Chia Seed V Flax Seed – Why Chia seeds Win Hands Down…

A wooden spoon with chia seeds and flax seeds on it.

This article started as versus direct comparison between chia seeds and flax seeds, but it soon became apparent there was a clear winner, so it has become a why choose chia seeds article.

We know there are a lot of people who are passionate about flax seeds, and we welcome their comparisons. These are the main points of why we chose chia over flax.

Chia Seeds Are Easily Digested Whole

Flax seeds contain slightly less Omega-3 oil than chia seeds, but there’s not much in them. The difference is the convenience and accessibility of the essential fatty acid in chia. In flax seed, the Omega-3 oil is preserved and stopped from going rancid by the seed’s rugged outer jacket on the seed. This jacket must be broken by grinding, milling or cooking before the human body can digest the Omega-3 oil it contains.

The delicate Omega-3 oil is preserved in chia seeds and stopped from turning rancid by the seed’s natural antioxidants. Meaning without a rugged outer jacket, chia seeds can be eaten whole. No need for processing, milling, grinding or cooking the grain. The nutrients in chia seeds are directly digestible by the body. They are making chia seeds much more convenient to use.

Ground Flax Seed Goes Rancid

Many people like to eat flax and chia seeds after milling or ground. The fine powder is easily added to many recipes, including baked goods, cereals & oats. In addition, the ground seed is easier to conceal from picky eaters and gives the seeds more versatility in the dishes they can be added to.

In the case of flax seed,  it should (ideally) be freshly ground every day, even twice a day in warmer climates. Once the rugged outer jacket is broken and the Omega-3 oil hits the air, it immediately turns rancid, taking some 12-18 hours to turn completely distasteful.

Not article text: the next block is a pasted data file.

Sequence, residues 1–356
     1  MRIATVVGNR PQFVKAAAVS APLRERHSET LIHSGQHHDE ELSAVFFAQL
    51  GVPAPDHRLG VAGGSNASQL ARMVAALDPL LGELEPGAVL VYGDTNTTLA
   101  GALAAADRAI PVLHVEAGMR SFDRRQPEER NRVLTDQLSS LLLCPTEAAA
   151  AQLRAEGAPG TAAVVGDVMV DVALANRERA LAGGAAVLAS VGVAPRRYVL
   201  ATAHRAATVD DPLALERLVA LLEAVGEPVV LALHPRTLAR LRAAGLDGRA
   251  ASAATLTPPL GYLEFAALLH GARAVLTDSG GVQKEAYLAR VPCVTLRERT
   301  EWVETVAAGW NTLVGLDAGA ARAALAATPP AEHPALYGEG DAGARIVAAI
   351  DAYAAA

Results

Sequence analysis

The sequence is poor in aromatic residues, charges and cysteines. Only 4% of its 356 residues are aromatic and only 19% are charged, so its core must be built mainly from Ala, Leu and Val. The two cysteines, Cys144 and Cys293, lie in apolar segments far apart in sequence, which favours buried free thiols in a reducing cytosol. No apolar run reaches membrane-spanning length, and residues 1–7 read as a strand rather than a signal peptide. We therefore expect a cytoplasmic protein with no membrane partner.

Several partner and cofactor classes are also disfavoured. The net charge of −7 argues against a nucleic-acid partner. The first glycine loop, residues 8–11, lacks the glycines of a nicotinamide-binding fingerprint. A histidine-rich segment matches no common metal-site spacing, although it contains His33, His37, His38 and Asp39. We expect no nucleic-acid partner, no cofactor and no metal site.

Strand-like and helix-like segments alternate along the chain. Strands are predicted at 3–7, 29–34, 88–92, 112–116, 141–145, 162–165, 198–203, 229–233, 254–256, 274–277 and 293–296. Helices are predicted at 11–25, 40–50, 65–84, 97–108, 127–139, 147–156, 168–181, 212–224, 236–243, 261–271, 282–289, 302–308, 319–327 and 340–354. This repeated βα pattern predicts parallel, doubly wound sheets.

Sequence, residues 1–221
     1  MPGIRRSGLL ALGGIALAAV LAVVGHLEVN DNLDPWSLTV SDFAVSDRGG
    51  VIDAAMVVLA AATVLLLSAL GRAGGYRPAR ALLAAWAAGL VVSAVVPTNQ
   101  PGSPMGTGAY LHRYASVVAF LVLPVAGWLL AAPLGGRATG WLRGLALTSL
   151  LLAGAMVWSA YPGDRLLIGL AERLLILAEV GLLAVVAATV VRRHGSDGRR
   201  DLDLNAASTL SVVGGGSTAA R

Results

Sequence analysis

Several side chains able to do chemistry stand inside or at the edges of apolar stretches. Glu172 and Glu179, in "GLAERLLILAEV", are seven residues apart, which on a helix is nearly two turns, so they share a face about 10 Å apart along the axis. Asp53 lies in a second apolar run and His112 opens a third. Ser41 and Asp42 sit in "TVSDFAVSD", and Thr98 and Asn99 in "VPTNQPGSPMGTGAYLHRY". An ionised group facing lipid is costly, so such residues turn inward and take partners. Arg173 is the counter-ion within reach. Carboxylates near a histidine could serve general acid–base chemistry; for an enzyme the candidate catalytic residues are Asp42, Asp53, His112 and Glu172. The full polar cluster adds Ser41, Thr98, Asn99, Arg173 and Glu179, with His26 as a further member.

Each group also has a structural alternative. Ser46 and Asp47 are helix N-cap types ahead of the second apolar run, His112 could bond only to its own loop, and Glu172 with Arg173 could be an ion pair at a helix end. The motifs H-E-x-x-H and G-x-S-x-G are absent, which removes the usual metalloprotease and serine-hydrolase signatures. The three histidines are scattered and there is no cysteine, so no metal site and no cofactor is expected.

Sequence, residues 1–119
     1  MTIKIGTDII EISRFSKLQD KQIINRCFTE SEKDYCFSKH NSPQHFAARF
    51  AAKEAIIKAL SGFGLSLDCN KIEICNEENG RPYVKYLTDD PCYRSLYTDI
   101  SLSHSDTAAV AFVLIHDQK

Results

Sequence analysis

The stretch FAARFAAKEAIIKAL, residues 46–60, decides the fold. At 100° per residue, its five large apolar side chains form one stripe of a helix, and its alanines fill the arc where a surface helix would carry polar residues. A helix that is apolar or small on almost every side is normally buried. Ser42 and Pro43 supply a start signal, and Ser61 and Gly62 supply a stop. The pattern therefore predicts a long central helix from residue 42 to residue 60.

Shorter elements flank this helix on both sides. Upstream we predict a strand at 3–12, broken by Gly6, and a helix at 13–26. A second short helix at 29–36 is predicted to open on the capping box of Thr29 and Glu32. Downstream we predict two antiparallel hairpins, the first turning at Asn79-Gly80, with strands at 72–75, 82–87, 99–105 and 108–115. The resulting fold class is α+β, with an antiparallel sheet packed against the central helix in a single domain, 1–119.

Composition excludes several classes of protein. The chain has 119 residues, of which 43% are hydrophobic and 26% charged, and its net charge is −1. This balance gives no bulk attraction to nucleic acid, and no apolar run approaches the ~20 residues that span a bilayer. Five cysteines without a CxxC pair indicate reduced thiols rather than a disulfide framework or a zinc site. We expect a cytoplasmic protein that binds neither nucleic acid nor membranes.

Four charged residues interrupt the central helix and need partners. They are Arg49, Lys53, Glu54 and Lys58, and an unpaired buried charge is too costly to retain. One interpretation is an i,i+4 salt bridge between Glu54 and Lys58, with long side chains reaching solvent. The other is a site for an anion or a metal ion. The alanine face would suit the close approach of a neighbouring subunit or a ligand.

Because the naturally occurring antioxidants protect the goodness and Omega-3 oils in chia seeds, it doesn’t turn bad or go rancid, even after milling. In addition, milled chia seed can be kept and stored precisely the same way as whole seed, making it easier and more convenient to use.

The Nutritional Composition Of Flax V Chia

Nutritionally there isn’t too much between these two seeds. Chia seeds contain slightly more omega-3 essential fatty acids, protein, calcium, and phosphorus. However, flax seed has a different composition of antioxidants which will appeal to many.

Conclusion

It must be remembered that Chia seeds and Flax seeds are two different seeds that offer additional benefits; try them both and see which benefits your lifestyle needs. For us, it’s chia seeds all the way.

The convenience and accessibility they offer, combined with extra fibre and increased satiety benefits, make chia seeds our choice. We look forward to your comments on your favourite.

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